This is the immediately preceding passage that gives context to today’s reading from the book of Esther. Haman, a high official of the king, was offended when Mordecai, a Jew, did not show him deference. We must understand that Haman thought he was entitled to a show of respect from Mordecai, for he believed that Mordecai was his inferior—perhaps he believed that everyone was beneath him, save for the Emperor himself. From this unwarranted indignation, though, Haman launched an attack against not just Mordecai, but ALL Jews. He ordered war. He ordered a genocide. Continue reading →
How do we hold on to our faith in a world filled with injustice? That’s the implicit question asked by the prophet Habakkuk, a prophet entirely willing to argue with God who is exceedingly angry that God has not yet cleaned up the world—and worse, that injustice keeps happening even as God is working toward justice. Habakkuk isn’t entirely certain that he has room in his faith for a God like that. Do we? Continue reading →
The waning days of Judah were tempestuous. Political instability was the rule of the day due to a succession of kings of wildly varying temperaments. The death of good King Hezekiah resulted in the ascension and fifty-five-year reign of his son, Manasseh, remembered in 2 Kings as one who “did what was evil in the sight of the LORD, following the abominable practices of the nations that the LORD drove out.” He was condemned for all manner of evil doings, particularly for erecting altars to other gods in the Temple, and for a host of other sins. The reign of his son, Amon, was no better, and he was assassinated by his own servants after only two years. Happily, Amon was succeeded by Josiah, his eight-year old son who, upon becoming an adult, proved to be made in the mold of Hezekiah. Continue reading →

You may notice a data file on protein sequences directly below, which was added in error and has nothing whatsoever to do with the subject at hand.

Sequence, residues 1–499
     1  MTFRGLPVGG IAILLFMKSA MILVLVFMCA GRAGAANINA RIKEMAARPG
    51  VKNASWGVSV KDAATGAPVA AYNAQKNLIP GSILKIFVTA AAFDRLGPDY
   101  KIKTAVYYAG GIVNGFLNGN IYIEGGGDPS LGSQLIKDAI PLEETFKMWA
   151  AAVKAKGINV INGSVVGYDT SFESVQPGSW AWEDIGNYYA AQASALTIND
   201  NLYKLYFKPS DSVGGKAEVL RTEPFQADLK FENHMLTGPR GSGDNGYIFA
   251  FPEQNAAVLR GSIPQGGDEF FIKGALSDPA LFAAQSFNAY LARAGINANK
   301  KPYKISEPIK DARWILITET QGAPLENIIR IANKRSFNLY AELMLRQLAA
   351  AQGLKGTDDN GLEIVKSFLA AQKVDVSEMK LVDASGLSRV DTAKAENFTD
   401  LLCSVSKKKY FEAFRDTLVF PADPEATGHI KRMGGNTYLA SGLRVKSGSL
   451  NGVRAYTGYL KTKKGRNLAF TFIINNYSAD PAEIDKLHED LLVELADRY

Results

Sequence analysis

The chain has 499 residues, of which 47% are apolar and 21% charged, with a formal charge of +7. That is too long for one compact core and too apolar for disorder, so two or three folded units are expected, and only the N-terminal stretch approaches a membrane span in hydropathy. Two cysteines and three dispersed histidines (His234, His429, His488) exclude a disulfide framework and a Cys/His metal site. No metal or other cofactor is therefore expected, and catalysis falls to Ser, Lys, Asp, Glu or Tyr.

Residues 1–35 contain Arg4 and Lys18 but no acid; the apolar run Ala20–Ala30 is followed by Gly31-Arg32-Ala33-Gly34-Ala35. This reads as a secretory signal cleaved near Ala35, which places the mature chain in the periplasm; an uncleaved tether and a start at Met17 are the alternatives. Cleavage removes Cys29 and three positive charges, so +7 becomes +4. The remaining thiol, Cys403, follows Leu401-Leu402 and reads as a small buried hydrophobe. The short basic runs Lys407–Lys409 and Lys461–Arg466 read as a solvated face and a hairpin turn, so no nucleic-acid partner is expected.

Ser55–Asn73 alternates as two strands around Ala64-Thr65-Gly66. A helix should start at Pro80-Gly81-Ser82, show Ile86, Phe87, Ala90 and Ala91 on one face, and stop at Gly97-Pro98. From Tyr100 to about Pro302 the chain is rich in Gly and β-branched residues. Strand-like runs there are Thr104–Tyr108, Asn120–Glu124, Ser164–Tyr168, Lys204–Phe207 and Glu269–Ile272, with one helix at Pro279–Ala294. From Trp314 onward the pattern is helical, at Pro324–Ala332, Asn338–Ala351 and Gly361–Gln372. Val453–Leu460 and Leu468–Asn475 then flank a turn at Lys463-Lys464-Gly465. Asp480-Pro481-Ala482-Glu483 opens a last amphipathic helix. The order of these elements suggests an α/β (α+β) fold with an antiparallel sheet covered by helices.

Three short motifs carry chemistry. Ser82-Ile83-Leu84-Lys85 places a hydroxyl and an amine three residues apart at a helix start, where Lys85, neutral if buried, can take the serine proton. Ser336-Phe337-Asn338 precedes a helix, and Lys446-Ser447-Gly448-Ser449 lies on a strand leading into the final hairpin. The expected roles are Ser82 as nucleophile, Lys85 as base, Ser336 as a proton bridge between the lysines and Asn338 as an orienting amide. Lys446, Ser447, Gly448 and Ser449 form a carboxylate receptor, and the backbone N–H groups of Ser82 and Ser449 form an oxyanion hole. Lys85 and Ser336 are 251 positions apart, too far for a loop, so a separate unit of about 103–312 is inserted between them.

The early 20th century philosopher George Santayana is known best for this memorable quote: “Those who cannot remember the past are condemned to repeat it.” There are many variations on this wisdom, including “those who forget history are doomed to repeat it,” something which is inarguably true. World history is so littered with examples of this that I don’t even need to name any—though I will anyway: after losing in the American war for independence, Great Britain tried again in 1812. After defeating Germany in World War I, the allied nations should have known better than to impose massive and debilitating reparations on the losing nation—and so they got to do it all again in World War II. Even now, it seems that we may be failing to heed the lessons of the past, as the United States and Russia once again rattle their sabers menacingly toward each other. Continue reading →
“What does the LORD require of you but to do justice, and to love kindness, and to walk humbly with your God?” By these memorable words we remember the prophet Micah and the book that bears his name. The words are moving, painful, and hopeful all at once. They are regularly chosen by young people as Confirmation verses. Ministries are built around them. They’re proclaimed by social activists. Even politicians, from time to time, use these words to frame their approach to public life. But these words don’t exist in isolation. They’re part of a seven-chapter book that ebbs toward condemnation and flows toward grace, a prophetic message that warns of God’s anger, even as it speaks pastorally about God’s forgiveness. And while these words aren’t technically part of a narrative—a story that we can tell—they are grounded in a story. Continue reading →
There are two miracles that take place in today’s Scripture lesson, and the first is the most obvious: the miraculous healing of Naaman, the commander of the entire army of Aram, one of Israel’s enemies. He’s favored by his king, and oddly enough, also by God, presumably because God is mad at Israel again for falling away. Yet, Naaman has one big issue: a nasty skin condition—perhaps leprosy, but since leprosy is a catch-all for a whole host of ailments in the Hebrew Bible, we don’t know really what it is, other than it’s something that would make people go, “Ew.” Continue reading →